Retrovirus infections represent the most intimate host-pathogen relationship. The virus inserts a copy of its genome into the DNA of the host cell, resulting in an irreversible, stable and sometimes lifelong infection. If a sperm or egg cell is infected, the virus DNA can be passed down generations, permanently fixed in the germ line. As a result, an endogenous retrovirus (ERV) can exist for millions of years.
“Over the course of evolution, retroviruses have invaded the germ-line of our ancestors on numerous occasions. Now, human ERVs (HERVs) make up around 8% of our genome,” say Dr David Griffiths from the Moredun Research Institute and Cécile Voisset from the Faculté de Médecine et des Sciences de la Santé in France.
Although there are no viruses similar to these ancient pathogens currently infecting humans, there are some related viruses in animals. For a retrovirus to become part of the host genome it is usually inactivated by mutation or silencing so it does not express any proteins. An epidemic of neoplastic disease in Australian koalas is giving researchers the rare opportunity to study this process.
“Recent work has provided some tantalizing evidence supporting the roles of HERVs in normal physiology and also in disease,” says Dr Griffiths, “they can be seen as bona fide human genes.” Some HERVs may be crucial for a healthy pregnancy, whereas others have been linked to diseases like MS and cancer.
“It is only recently that the abundance of HERVs has been recognised and we are learning that they can have significant functions,” says Dr Griffiths.
Lucy Goodchild | alfa
Closing the carbon loop
08.12.2016 | University of Pittsburgh
Newly discovered bacteria-binding protein in the intestine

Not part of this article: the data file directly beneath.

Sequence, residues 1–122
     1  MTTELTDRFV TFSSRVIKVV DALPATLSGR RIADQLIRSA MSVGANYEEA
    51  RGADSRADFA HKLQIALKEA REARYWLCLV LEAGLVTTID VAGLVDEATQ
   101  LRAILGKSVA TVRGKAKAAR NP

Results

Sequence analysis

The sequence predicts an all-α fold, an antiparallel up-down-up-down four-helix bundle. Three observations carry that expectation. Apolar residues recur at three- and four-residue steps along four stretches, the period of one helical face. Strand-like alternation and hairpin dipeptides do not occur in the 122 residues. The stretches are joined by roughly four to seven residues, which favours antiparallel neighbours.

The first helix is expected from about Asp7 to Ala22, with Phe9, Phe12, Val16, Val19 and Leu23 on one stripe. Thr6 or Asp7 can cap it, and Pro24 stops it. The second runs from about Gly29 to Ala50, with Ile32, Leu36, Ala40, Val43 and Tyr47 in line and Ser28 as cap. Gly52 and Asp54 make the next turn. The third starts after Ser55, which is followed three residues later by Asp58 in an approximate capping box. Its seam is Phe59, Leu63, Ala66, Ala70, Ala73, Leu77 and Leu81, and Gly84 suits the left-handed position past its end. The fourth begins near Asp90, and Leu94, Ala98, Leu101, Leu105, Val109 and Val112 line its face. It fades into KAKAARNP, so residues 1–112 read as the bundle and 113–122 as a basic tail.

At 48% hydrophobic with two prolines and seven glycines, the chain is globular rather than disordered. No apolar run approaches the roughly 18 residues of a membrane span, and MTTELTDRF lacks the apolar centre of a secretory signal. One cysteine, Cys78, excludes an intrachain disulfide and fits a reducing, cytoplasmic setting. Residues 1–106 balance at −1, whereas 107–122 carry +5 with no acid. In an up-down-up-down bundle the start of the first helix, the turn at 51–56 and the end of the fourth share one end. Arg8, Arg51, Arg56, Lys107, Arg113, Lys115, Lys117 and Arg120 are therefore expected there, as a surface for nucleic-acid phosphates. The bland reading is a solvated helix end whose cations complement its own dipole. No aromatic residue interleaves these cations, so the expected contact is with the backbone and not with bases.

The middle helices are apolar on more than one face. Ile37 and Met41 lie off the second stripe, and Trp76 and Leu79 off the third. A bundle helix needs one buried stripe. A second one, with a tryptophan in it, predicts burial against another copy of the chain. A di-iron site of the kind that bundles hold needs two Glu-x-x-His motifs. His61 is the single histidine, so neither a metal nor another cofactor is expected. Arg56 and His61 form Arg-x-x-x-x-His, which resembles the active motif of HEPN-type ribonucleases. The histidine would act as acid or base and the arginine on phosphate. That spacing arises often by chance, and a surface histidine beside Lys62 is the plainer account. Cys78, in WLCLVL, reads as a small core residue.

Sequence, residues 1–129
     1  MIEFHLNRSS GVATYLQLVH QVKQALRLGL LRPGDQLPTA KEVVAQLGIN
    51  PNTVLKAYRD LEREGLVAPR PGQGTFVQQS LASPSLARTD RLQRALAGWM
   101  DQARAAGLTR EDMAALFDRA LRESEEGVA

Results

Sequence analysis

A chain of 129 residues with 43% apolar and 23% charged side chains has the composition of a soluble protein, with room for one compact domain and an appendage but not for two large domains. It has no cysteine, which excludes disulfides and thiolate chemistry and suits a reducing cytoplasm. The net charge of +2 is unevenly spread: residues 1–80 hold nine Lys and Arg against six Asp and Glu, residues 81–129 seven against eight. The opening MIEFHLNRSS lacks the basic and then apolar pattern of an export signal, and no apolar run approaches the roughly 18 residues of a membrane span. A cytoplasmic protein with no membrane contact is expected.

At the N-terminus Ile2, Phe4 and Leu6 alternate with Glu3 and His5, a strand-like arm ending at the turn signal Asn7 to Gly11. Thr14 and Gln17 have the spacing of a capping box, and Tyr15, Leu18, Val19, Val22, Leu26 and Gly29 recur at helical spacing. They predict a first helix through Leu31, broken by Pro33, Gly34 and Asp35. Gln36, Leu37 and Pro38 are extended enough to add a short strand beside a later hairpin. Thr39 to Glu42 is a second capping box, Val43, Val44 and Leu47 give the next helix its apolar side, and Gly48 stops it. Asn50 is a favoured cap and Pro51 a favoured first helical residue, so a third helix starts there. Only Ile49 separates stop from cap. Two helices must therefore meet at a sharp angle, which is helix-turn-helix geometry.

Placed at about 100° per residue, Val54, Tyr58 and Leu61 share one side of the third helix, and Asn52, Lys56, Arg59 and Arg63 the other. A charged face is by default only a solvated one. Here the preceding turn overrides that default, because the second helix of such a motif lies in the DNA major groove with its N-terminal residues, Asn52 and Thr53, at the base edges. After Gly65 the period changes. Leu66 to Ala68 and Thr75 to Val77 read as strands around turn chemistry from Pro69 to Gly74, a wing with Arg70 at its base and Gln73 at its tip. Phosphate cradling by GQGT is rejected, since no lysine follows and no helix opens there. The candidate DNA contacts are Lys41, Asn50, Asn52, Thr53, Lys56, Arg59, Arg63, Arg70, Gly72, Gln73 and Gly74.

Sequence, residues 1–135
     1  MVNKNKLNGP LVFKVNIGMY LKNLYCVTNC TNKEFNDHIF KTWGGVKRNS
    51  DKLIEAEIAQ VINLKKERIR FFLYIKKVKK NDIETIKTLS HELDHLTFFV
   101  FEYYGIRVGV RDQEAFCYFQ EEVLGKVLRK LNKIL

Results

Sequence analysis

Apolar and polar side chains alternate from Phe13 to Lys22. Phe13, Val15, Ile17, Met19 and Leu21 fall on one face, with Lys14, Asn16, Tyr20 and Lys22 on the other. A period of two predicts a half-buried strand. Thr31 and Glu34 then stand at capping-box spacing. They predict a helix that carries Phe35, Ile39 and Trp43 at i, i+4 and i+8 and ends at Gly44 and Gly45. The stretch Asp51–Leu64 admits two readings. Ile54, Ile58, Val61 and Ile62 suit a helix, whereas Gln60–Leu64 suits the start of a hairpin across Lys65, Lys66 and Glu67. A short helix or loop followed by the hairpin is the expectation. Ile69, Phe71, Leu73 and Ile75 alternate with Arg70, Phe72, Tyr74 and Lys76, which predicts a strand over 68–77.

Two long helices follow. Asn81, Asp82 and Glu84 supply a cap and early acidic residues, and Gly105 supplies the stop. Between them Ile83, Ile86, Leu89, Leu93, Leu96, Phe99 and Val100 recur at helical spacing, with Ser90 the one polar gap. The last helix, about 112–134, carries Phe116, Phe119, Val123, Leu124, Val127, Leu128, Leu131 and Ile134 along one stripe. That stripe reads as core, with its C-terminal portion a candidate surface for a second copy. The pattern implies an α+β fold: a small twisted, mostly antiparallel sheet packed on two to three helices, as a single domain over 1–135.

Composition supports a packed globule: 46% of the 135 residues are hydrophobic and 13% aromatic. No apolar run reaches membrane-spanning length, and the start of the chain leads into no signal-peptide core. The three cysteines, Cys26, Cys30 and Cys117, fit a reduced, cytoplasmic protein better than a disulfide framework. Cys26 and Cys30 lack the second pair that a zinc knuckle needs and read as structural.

08.12.2016 | University of Gothenburg
In recent years, lasers with ultrashort pulses (USP) down to the femtosecond range have become established on an industrial scale. They could advance some applications with the much-lauded “cold ablation” – if that meant they would then achieve more throughput. A new generation of process engineering that will address this issue in particular will be discussed at the “4th UKP Workshop – Ultrafast Laser Technology” in April 2017.
Even back in the 1990s, scientists were comparing materials processing with nanosecond, picosecond and femtosesecond pulses. The result was surprising:...
Have you ever wondered how you see the world? Vision is about photons of light, which are packets of energy, interacting with the atoms or molecules in what...
A multi-institutional research collaboration has created a novel approach for fabricating three-dimensional micro-optics through the shape-defined formation of porous silicon (PSi), with broad impacts in integrated optoelectronics, imaging, and photovoltaics.
Working with colleagues at Stanford and The Dow Chemical Company, researchers at the University of Illinois at Urbana-Champaign fabricated 3-D birefringent...
In experiments with magnetic atoms conducted at extremely low temperatures, scientists have demonstrated a unique phase of matter: The atoms form a new type of quantum liquid or quantum droplet state. These so called quantum droplets may preserve their form in absence of external confinement because of quantum effects. The joint team of experimental physicists from Innsbruck and theoretical physicists from Hannover report on their findings in the journal Physical Review X.
“Our Quantum droplets are in the gas phase but they still drop like a rock,” explains experimental physicist Francesca Ferlaino when talking about the...
The Max Planck Institute for Physics (MPP) is opening up a new research field. A workshop from November 21 - 22, 2016 will mark the start of activities for an innovative axion experiment. Axions are still only purely hypothetical particles. Their detection could solve two fundamental problems in particle physics: What dark matter consists of and why it has not yet been possible to directly observe a CP violation for the strong interaction.
The “MADMAX” project is the MPP’s commitment to axion research. Axions are so far only a theoretical prediction and are difficult to detect: on the one hand,...
16.11.2016 | Event News
01.11.2016 | Event News
14.10.2016 | Event News
08.12.2016 | Life Sciences
08.12.2016 | Physics and Astronomy
08.12.2016 | Materials Sciences